“A lot of photographers find out about image theft when the culprits tag them in social media’
November 9, 2020
Image theft is a big problem for a lot of photographers and despite some efforts by Google to thwart it via Google Images, it’s still a worry for many. There are several companies claiming to help photographers fight back, including PhotoClaim. We caught up with company spokeperson Anna Predka to find out the current size of the image theft problem, and what photographers can do to protect themselves.
Just how bad is image theft in Europe at the moment?
Image theft is not something you read about every day in the news. Searching for reliable data can be difficult and time-consuming. We provide you with our data, statistics and observations based on the experience of working with image theft every single day since a couple of years. Over the past six years, we have detected image theft in 55 countries all around the world.
We work with nearly 250 photographers and this is still a fraction of those who need help. In times of constant content creation and an incredible need for visuals, we suspect that most of both professional and amateur photographers have their pictures stolen. A lot of them are simply still not aware that they photo copyrights are being violated and how to claim their rights.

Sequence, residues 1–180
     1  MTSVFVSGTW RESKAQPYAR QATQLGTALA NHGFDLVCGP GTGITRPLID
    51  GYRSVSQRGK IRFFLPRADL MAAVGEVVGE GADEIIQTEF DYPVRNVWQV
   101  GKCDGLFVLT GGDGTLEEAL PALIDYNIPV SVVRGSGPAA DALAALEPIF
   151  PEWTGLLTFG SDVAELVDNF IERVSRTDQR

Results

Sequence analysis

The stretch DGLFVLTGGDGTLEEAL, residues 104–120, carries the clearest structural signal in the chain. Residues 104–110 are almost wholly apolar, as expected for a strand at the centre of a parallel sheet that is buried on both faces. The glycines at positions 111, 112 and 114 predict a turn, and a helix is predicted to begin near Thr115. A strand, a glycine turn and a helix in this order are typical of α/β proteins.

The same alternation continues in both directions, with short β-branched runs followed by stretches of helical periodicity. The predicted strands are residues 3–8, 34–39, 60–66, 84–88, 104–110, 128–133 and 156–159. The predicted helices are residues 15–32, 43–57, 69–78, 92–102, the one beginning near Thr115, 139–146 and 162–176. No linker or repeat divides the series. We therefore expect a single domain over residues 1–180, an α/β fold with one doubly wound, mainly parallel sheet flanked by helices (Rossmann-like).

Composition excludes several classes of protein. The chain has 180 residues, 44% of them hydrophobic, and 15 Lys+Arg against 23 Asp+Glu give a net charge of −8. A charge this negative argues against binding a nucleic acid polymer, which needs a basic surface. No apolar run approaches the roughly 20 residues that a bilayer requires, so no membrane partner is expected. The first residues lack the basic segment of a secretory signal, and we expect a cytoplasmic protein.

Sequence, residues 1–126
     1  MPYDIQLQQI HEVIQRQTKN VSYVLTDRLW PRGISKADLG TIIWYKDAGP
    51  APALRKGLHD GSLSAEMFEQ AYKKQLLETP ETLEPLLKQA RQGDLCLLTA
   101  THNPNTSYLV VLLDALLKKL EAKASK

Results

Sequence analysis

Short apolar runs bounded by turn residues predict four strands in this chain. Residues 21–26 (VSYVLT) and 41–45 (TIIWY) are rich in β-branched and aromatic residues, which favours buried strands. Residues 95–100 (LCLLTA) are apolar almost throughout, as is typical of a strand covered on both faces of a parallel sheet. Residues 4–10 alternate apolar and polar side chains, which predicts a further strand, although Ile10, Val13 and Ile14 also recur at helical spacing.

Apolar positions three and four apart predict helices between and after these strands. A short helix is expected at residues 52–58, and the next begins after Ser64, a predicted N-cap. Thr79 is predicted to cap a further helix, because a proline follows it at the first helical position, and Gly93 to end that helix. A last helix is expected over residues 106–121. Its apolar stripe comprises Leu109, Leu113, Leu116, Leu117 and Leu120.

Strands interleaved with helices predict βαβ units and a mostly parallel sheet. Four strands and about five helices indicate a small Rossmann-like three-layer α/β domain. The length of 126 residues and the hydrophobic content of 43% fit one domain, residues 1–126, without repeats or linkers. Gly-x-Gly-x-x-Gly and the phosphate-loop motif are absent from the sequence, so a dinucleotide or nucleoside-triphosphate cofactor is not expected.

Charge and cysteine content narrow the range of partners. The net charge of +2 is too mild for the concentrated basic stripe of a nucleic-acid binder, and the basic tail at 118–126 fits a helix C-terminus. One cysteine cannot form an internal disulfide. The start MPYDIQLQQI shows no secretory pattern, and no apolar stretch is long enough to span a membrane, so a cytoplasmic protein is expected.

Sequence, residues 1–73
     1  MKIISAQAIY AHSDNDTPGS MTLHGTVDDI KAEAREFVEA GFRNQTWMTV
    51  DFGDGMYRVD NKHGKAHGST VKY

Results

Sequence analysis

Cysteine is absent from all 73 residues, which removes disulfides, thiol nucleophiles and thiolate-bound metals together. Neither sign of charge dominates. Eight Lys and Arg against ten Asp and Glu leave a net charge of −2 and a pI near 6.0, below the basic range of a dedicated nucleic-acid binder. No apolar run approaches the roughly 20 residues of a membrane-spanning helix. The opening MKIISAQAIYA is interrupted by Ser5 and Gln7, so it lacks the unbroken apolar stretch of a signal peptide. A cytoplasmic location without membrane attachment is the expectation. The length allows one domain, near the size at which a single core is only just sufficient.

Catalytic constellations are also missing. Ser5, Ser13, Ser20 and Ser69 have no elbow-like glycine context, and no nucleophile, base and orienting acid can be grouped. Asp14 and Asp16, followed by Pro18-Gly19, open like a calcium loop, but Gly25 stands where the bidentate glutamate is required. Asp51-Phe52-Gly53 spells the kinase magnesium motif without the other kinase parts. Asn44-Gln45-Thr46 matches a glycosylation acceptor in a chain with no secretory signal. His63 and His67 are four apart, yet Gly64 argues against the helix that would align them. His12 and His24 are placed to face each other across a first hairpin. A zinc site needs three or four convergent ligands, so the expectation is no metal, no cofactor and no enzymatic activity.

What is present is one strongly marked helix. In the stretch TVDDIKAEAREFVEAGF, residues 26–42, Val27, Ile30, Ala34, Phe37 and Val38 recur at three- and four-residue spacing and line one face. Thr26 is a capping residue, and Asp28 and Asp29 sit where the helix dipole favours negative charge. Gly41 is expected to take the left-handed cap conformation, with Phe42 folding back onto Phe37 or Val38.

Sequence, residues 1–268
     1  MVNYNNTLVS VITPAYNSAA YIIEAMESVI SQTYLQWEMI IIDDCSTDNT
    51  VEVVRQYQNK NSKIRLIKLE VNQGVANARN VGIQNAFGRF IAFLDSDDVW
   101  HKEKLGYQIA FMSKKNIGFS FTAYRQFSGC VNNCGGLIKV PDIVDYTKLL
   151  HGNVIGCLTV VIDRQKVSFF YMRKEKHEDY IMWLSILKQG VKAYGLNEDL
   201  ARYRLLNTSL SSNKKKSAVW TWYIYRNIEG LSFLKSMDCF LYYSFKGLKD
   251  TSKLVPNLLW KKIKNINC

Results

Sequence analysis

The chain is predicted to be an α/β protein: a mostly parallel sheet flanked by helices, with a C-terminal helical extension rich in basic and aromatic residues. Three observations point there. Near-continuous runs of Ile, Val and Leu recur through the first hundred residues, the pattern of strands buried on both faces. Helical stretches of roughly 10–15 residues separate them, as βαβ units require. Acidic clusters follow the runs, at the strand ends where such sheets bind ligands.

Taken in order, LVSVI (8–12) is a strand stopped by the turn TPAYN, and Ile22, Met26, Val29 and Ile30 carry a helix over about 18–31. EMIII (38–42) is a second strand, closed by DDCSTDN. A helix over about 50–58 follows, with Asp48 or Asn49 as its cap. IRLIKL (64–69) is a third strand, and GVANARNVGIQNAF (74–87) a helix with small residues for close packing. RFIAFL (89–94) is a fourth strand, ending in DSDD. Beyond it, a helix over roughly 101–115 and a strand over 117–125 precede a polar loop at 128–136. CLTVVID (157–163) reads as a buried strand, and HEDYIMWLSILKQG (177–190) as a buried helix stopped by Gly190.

The current number of the cases of infringements we opened for our clients is close to 6 000 000 and we have regaied over 6 000 000 Euros (and we are still counting). We have photographers from all around the world joining our community every day. Copyright awareness seems to be slowly growing but its phase and spread need to accelerate to stop unlawful practices. It is not just the infringers that do not know and violate copyright law. At the same time, a lot of photographers who face image theft still do not know how to fight for their rights.
How do most people find out their images have been used without permission?
Our experience shows that a lot of copyright infringements are being discovered on social media. It happens that photographers come across their pictures themselves or get notified by their followers. Another common practice, which may seem a bit of a paradox, is companies tagging the photographers whose pictures they use without their consent!